Sunday, September 29, 2013

Spoiled Through Philosophy, Col. 2:8

Beware lest any man spoil you through philosophy and vain deceit, after the tradition of men, after the rudiments of the world, and not after Christ. (Col 2:8)

For a long time I used to think “spoil” in this scripture meant “treat with excessive indulgence so as to destroy or ruin a person’s good nature,” like an indulgent parent might spoil a child.  Recently I realized that wasn’t the way the scriptures use it at all.  The scriptures use “spoil” to express how soldiers loot and pillage after a battle.

The apostle Paul was warning the Saints to be careful that they not allow the philosophies of men to pillage them of the hope and assurance they had through Christ.  He was concerned that the tendency to question and disparage evidence felt through the Spirit rather than seen or heard or experienced by tangible means would convince the Saints that their hope in Christ and the resurrection was foolish.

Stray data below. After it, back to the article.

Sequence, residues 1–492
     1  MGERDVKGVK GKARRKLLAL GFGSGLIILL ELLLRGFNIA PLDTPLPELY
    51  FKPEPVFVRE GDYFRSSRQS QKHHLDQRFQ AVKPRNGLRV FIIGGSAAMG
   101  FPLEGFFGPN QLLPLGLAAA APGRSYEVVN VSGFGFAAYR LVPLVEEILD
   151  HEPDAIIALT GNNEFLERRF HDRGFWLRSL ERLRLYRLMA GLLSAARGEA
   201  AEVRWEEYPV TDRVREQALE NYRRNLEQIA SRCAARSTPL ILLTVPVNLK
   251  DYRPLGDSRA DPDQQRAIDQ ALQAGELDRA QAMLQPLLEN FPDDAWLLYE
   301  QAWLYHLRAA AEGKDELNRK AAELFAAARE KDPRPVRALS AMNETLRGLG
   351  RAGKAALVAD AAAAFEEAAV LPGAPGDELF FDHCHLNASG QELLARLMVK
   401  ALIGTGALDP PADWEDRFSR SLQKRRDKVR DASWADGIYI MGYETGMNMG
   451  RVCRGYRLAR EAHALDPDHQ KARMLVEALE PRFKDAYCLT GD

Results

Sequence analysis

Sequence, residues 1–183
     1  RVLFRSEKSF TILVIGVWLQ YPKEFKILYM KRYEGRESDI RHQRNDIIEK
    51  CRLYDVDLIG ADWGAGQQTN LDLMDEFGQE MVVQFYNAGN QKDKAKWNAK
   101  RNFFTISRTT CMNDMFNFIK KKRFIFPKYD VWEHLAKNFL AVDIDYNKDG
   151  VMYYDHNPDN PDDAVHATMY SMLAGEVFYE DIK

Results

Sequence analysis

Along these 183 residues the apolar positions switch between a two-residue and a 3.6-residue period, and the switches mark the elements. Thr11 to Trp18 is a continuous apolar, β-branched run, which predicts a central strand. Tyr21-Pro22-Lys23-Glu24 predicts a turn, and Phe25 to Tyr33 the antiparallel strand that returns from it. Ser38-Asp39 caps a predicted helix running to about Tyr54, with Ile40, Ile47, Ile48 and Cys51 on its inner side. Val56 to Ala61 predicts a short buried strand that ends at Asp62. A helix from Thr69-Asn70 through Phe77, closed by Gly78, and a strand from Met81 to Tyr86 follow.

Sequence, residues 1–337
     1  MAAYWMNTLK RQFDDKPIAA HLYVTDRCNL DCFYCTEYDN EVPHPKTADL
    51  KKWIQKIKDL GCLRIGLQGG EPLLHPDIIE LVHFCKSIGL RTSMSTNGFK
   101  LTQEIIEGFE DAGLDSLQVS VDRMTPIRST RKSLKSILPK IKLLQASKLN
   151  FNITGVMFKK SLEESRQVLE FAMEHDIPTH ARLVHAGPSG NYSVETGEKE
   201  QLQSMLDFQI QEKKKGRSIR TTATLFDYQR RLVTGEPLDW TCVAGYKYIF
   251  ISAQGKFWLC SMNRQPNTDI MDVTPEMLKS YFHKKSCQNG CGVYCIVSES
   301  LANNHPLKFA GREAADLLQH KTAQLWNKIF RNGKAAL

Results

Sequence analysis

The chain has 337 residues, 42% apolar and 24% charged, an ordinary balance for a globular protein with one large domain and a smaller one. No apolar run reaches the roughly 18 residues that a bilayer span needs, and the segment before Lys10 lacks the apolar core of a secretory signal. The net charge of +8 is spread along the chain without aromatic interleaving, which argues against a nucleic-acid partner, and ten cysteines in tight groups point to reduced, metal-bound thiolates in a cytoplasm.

I think the same warning still stands today.


Gabriel said...

I enjoyed this insight. I think recognizing spoil here to be a warring metaphor gives the verse a very different meaning.

For further reading on this, perhaps this translation of the Bible (especially through the translators' notes) provides some worthwhile insights:!bible/Colossians+2:2

Michaela Stephens said...

Glad it helped. Also, thanks for the link.